br Although killed whole cell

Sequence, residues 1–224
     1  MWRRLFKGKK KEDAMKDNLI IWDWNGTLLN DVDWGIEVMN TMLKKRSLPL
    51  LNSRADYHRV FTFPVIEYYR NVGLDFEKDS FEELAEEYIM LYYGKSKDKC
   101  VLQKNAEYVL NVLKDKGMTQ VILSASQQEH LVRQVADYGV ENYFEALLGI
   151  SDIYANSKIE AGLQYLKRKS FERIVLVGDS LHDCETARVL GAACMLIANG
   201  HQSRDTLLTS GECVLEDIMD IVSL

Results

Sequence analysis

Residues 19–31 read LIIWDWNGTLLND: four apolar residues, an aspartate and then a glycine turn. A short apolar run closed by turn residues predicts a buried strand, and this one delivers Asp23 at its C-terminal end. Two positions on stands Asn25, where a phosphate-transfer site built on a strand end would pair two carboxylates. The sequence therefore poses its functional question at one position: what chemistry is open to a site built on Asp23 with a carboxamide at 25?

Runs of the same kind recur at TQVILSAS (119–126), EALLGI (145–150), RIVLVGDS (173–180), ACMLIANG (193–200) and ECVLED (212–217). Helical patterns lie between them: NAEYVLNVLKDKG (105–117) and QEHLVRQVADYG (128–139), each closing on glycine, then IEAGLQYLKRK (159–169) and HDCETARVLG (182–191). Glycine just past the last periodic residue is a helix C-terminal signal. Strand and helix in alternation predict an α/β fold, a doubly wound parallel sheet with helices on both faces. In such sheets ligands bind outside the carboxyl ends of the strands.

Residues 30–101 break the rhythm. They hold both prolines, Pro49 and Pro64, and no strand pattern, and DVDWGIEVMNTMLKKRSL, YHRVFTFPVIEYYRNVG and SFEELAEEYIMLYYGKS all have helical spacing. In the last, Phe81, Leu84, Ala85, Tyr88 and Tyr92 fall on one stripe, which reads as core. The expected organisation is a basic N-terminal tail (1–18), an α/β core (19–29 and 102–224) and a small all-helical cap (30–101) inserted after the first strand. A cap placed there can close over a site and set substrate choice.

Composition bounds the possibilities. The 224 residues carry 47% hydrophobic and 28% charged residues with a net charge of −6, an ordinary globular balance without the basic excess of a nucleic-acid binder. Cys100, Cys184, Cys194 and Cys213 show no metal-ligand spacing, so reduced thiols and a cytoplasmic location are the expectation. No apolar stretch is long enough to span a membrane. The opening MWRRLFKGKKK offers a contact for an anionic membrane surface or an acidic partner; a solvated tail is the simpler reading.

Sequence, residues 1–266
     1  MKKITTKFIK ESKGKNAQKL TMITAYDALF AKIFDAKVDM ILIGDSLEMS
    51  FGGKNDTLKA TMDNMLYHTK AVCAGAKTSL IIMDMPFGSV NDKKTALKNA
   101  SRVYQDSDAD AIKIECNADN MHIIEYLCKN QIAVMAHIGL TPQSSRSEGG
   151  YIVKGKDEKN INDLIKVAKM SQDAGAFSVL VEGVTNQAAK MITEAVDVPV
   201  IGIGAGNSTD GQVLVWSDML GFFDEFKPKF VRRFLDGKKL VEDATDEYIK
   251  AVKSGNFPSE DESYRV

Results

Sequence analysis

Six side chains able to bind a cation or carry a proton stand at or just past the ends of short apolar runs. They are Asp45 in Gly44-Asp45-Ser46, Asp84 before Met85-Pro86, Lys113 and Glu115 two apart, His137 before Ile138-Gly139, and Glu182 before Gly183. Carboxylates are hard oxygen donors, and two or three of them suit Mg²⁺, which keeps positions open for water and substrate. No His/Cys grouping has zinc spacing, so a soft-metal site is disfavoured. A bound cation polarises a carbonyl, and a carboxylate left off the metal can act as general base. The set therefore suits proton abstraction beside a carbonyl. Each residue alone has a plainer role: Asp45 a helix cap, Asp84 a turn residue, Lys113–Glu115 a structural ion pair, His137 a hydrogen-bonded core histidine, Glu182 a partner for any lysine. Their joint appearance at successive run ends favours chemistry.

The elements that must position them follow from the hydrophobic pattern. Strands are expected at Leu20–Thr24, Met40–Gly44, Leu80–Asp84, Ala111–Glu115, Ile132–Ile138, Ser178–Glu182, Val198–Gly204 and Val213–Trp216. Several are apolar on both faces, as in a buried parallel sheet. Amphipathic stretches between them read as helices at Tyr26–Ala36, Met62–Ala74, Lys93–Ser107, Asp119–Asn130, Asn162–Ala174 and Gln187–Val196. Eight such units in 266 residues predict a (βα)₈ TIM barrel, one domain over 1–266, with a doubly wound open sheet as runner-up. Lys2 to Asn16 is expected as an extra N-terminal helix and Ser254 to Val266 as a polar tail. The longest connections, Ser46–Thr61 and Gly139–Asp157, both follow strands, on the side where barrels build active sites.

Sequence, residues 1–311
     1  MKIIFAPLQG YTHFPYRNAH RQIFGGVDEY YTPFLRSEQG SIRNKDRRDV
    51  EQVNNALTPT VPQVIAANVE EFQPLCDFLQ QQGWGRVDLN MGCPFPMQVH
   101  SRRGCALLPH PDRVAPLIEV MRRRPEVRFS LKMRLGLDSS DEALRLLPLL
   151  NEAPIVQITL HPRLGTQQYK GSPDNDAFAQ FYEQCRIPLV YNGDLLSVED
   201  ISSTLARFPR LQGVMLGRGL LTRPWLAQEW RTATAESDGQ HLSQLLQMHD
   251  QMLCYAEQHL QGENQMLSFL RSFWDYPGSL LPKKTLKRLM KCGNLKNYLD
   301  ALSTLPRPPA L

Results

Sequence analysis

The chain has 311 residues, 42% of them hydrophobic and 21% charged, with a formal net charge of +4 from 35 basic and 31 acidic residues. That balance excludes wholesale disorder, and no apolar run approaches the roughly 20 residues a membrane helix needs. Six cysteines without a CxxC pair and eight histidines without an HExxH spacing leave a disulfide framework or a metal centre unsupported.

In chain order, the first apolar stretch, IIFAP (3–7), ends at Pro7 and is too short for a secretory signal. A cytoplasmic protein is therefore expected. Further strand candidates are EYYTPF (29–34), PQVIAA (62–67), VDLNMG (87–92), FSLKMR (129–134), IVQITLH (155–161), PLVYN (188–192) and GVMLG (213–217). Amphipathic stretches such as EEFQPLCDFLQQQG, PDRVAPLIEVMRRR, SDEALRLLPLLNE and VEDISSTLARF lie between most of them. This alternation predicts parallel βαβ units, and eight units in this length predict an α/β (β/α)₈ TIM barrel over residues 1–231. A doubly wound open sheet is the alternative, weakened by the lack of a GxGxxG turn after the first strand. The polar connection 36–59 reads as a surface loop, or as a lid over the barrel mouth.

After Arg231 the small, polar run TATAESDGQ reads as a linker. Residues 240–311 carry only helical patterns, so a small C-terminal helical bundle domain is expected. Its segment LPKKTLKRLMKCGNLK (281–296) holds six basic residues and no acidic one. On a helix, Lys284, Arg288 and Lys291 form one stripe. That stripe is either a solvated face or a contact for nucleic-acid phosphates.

Although killed, whole-cell oral cholera vaccines (OCVs) have been known to be efficacious since 1986, and the bivalent whole-cell vaccine Shanchol has been licensed in India since 2009, OCV was not regarded as useful for controlling cholera outbreaks until recently. Many public health officials questioned the use of OCV, including concerns about its cost, the feasibility of undertaking large campaigns, the acceptability of OCV among vaccinated communities, and the possibility of diverting resources from other interventions. There was also uncertainty as to whether the vaccine, although known to be effective in endemic countries (eg, India or Bangladesh), would be effective in areas without a history of cholera, such as Haiti. When the cholera epidemic started in Haiti, Shanchol was not yet prequalified by WHO, and only a limited supply was available, so protein phosphatase inhibitor of large numbers of people was not realistic. Assuming effectiveness in Haiti, and if the vaccine had been available and had been used earlier, computer models suggest it could have averted many cases and deaths. Although cholera vaccine was not used in the first two main waves of the epidemic, pilot projects were done in 2012 to deliver Shanchol to about 100 000 people in urban and rural Haiti. Subsequently, the Ministry of Health undertook larger campaigns in 2013, and plan to implement additional OCV campaigns in the coming years. Furthermore, the Ministry of Health has included the use of OCV in its national strategy for elimination of cholera, along with a continuing effort to improve water and sanitation. The earlier reports showed that OCV was acceptable and that OCV campaigns were feasible in Haiti, but a new report by Louise Ivers and colleagues in provides important new information, showing that the vaccine\'s effectiveness in Haiti is comparable to that found in endemic countries of Asia and Africa. Of 47 people with cholera, 33 (70%) self-reported vaccination versus 167 (89%) of 188 controls (vaccine effectiveness 63%, 95% CI 8–85). Conversely, there was no association between self-reported or verified vaccination and non-cholera diarrhoea (vaccine effectiveness 18%, 95% CI −208 to 78 by self-report and −21%, −238 to 57 by verified vaccination). Similar efficacy and effectiveness of the two killed OCVs—Dukoral and Shanchol—has been documented. The two vaccines differ in that Dukoral is more expensive and is administered in a glass of buffer solution to preserve the B subunit component of the vaccine, which increases the logistic requirements for its use. By contrast, Shanchol, which has no B subunit, needs no buffer, is less costly, and consists of only 1·5 mL liquid, which can be consumed directly from a vial. Shanchol is now available through the OCV stockpile, which is supported partly by the Global Alliance for Vaccines and Immunization. It is being used primarily as a response to an outbreak, but it will probably also be used for groups at risk in endemic areas. Clearly, much work is needed to identify how best to use the vaccine in a manner that maximises its cost-effectiveness. Some of the limitations of this study are related to the small sample size, which is a common problem in cholera effectiveness studies and which limits the ability to discern differences among subgroups. In this study, the point estimates differed in some subgroup comparisons (eg, age group and time since vaccine administration), but the sample was not powered to identify whether these differences were real. Ivers and colleagues were also not able to assess the potential for herd protection, which was found in other studies. Although OCV protects vaccinated individuals, it also lowers the risk for unvaccinated neighbours if vaccine coverage is sufficiently high. Modelling work predicted that 50% coverage could avoid transmission in endemic areas. Thus, further studies are needed to better understand how to maximise the effect of herd protection.